Menisci, the rubbery cartilage that acts as a cushion between the thigh and shin bones, can be torn with a sudden twist or pivot, especially if the person's weight is placed directly on the knee. They're located on either side of your anterior cruciate ligament. Their age or arthritis may make them more prone to emotional breakdowns. It's not always easy to put a name to or describe the pain. It's possible that you'll experience knee pain, swelling, and a loss of flexibility.
It may be difficult to fully bend or stretch your leg if the fluid-filled sac at the back of your knee bulges out or becomes too tight. Arthritis or a torn meniscus are two potential contributing factors. The cyst itself is usually painless, but its rupture can cause swelling and bruising at the back of your knee and calf.
The pain and swelling associated with both can be severe and sudden. It's possible that your knee is sore, red, and hot right now. When crystals form in the groin, this is what occurs. The big toe is a common target for gout, which is caused by an excess of uric acid in the body. Calcium pyrophosphate is the culprit in pseudogout.
Septic arthritis can be caused by another disease or by trauma to the joint. Besides experiencing severe pain, you'll probably also be feeling ill, irritable, and have a fever. In order to identify the offending bacteria and prescribe the appropriate treatment, your doctor may take fluid from your knee using a needle. Less frequently, viruses and parasites can also infect your joints.
Tenderness in the knee may be the result of issues in other parts of the body, such as the back, hip, or foot. Pain signals can travel along nerves, causing them to be redirected to another area, or the brain can become confused as to which area is actually hurting. Although you may be in physical pain, there may be nothing physically wrong with your knee.
Pain and inflammation can be treated with over-the-counter NSAIDs like ibuprofen and naproxen. Aside from staying off your feet, resting, icing, compressing, and elevating the affected area can be very helpful. Put your raised leg above your heart. Several times a day, for 10-20 minutes at a time, place a cold pack wrapped in a thin towel or cloth on your knee. Put a loose elastic bandage on your knee when you're up and about.
When sudden and severe knee pain strikes, don't hesitate to seek medical attention. For persistent or worsening symptoms, call for help.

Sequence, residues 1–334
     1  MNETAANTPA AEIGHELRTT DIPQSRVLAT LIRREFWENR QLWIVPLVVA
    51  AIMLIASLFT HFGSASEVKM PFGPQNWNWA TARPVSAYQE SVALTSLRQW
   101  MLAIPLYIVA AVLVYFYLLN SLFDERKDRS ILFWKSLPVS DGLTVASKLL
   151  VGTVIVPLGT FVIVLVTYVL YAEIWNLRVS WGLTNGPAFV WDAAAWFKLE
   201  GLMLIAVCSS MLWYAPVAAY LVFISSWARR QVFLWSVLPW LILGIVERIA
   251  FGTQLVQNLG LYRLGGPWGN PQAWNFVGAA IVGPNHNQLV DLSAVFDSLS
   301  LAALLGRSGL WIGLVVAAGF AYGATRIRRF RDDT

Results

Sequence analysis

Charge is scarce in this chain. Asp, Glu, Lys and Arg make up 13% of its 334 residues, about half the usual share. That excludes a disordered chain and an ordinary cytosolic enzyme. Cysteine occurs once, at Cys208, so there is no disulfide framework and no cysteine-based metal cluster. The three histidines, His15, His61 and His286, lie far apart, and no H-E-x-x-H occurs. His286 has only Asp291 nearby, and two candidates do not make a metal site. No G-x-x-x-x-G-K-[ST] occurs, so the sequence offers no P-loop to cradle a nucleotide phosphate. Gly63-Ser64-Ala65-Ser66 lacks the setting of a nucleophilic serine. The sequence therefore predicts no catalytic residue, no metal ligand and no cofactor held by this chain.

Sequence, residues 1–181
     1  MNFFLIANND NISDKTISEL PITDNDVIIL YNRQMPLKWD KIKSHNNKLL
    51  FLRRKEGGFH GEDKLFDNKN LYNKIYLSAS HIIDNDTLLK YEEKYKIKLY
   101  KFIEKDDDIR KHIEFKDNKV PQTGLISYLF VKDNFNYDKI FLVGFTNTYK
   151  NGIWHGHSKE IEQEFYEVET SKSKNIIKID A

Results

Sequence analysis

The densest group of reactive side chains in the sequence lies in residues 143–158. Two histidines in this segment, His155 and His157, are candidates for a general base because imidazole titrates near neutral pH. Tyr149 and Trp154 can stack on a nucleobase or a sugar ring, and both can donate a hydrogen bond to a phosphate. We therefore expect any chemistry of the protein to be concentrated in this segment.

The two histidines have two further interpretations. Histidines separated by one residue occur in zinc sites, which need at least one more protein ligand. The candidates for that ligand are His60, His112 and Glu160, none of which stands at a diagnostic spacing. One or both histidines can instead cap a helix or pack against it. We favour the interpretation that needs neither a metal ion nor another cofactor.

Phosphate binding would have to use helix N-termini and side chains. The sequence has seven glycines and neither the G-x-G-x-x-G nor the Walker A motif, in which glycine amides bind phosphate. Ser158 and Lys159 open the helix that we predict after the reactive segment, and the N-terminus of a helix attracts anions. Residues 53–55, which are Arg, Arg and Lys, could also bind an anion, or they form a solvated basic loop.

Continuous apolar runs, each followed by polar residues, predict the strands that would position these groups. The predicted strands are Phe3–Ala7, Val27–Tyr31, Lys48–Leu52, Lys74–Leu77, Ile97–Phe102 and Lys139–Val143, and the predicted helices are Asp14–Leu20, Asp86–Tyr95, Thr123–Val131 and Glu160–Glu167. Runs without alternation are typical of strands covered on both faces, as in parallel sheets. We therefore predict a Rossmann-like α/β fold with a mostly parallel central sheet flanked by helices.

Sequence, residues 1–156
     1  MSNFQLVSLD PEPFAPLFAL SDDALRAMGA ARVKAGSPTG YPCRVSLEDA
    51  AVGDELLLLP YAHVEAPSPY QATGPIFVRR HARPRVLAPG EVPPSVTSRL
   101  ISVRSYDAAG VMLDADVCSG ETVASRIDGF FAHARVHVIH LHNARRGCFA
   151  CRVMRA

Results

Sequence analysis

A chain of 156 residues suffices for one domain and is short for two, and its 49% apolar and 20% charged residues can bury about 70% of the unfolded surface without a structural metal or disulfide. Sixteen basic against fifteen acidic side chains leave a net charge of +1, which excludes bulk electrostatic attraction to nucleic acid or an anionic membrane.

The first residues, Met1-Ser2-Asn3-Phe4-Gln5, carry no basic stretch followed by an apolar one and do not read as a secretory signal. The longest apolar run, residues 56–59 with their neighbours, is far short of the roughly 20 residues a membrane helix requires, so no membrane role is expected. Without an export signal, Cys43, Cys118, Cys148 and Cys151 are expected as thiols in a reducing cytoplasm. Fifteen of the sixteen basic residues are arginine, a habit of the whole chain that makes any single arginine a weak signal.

A doctor may order knee X-rays or other imaging tests to help with diagnosis. There are some conditions that can be confirmed or ruled out with a blood or knee fluid sample. Medication, targeted exercise, orthotics, and even surgery are all potential avenues of care. Your knees may feel less stress and pressure if you lose weight.
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Knee pain, torn meniscus, Baker's cyst, gout, pseudogout, and septic arthritis are all conditions listed on the Mayo Clinic's website. "
Recent and Up-to-Date: "Approach to the Adult with Knee Pain Likely of Musculoskeletal Origin," "Approach to the Adult with Unspecified Knee Pain," and "Iliotibial Band Syndrome." "
Common Knee Injuries, Patellofemoral Pain Syndrome, and Nonsteroidal Anti-Inflammatory Drugs (NSAIDs) on OrthoInfo Injuries to the Muscles, Tendons, and Other Connective Tissues "
Definition of Osteoarthritis from the Arthritis Foundation. The Advantages of Slimming Down "
Handout on Health: Rheumatoid Arthritis," National Institute of Arthritis and Musculoskeletal and Skin Diseases "
Knee injuries and disorders are common among carpet layers, according to the Centers for Disease Control and Prevention. "
Published in the Journal of the Royal College of Surgeons of England, "Hip Osteoarthritis: Where Is the Pain? "
"Hip Arthritis Presenting as Knee Pain," BMJ Case Reports "
Knee pain: the latest in medical news Perhaps the issue lies in your hips. "